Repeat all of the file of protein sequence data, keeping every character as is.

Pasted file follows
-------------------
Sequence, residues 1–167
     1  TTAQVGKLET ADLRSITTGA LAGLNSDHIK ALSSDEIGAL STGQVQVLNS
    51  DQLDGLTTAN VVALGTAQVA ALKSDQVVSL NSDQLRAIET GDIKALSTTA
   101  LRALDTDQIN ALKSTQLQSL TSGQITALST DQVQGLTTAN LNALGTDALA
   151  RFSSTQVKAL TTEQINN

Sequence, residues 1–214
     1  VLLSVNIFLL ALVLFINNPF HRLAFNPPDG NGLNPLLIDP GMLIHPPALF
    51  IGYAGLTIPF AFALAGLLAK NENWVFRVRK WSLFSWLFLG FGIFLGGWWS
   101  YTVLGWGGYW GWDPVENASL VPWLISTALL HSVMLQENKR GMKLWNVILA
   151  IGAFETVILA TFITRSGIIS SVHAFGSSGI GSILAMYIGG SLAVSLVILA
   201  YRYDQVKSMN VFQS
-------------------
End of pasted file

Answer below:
Sequence, residues 1–167
     1  TTAQVGKLET ADLRSITTGA LAGLNSDHIK ALSSDEIGAL STGQVQVLNS
    51  DQLDGLTTAN VVALGTAQVA ALKSDQVVSL NSDQLRAIET GDIKALSTTA
   101  LRALDTDQIN ALKSTQLQSL TSGQITALST DQVQGLTTAN LNALGTDALA
   151  RFSSTQVKAL TTEQINN

Sequence, residues 1–214
     1  VLLSVNIFLL ALVLFINNPF HRLAFNPPDG NGLNPLLIDP GMLIHPPALF
    51  IGYAGLTIPF AFALAGLLAK NENWVFRVRK WSLFSWLFLG FGIFLGGWWS
   101  YTVLGWGGYW GWDPVENASL VPWLISTALL HSVMLQENKR GMKLWNVILA
   151  IGAFETVILA TFITRSGIIS SVHAFGSSGI GSILAMYIGG SLAVSLVILA
   201  YRYDQVKSMN VFQS